Math may be just math, but algorithms are written by people
And people have biases. Just ask Safiya Noble.
In 2018, Safiya Noble exposed a culture of racism and sexism in the way discoverability is created online in a paper titled “Algorithms of Oppression: How Search Engines Reinforce Racism”.
The gist of that work is something already well known to readers of this website: racism, sexism and other biases are baked into algorithms, from H.R. software that screens out women and candidates of color for jobs to Facebook’s advertising platform, which allegedly enabled landlords to exclude women, people with disabilities, people of color, and other underrepresented communities. Or to Google’s photo application, that in the past automatically tagged African Americans as apes and animals.
Today such facts are recognized as facts (albeit still widely ignored, too often). But it took Noble seven years to see her ideas accepted, and published.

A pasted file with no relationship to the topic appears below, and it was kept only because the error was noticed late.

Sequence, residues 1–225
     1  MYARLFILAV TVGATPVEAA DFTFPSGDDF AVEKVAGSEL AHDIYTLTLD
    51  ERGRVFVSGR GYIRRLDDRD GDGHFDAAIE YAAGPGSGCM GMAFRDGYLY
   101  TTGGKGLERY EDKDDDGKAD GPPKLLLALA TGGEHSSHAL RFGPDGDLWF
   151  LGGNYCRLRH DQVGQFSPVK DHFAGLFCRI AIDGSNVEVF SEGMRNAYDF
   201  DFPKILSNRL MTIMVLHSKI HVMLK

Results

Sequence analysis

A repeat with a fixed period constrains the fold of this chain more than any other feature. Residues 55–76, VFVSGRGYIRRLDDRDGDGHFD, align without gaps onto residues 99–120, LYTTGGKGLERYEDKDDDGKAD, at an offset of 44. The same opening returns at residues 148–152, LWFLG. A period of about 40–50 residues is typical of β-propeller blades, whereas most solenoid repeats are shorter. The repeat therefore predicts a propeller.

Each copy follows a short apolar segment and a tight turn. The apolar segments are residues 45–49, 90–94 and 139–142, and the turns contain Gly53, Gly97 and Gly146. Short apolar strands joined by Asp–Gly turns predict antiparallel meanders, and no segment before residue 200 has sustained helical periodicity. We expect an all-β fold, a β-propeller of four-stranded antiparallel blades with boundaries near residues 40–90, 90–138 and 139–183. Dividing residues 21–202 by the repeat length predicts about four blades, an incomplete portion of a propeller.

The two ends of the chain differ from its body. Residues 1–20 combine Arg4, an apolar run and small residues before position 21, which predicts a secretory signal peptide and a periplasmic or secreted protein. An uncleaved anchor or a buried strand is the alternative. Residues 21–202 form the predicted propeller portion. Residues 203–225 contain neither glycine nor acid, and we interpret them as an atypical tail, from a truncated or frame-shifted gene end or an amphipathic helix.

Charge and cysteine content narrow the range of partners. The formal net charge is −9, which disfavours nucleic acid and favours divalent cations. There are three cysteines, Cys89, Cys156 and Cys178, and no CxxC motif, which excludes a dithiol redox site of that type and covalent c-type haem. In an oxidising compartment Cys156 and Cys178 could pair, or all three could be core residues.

She first met the problem, in fact, in 2011, when she googled “Black girls” to find activities for her daughter and young nieces, only to get pages of racialized porn.
But one year later, when she was a Ph.D. student, her professors told her things like, ‘This research isn’t real. It’s impossible for algorithms to discriminate because algorithms are just math and math can’t be racist’.
Point is, actual math is, indeed “just math”. But specific algorithms are formulas written by humans, that can insert their biases into them, or unvoluntarily tweak them with data that are intrinsically biased.
The story of how Safiya Noble fought to get this truth accepted was recently told by Vogue. Here, you can find at least these reasons to read it:
You may also:
- Follow this blog by subscribing to my newsletter
- Directly support, via donations or other means, this blog or my other work
- Read my free ebooks and other publications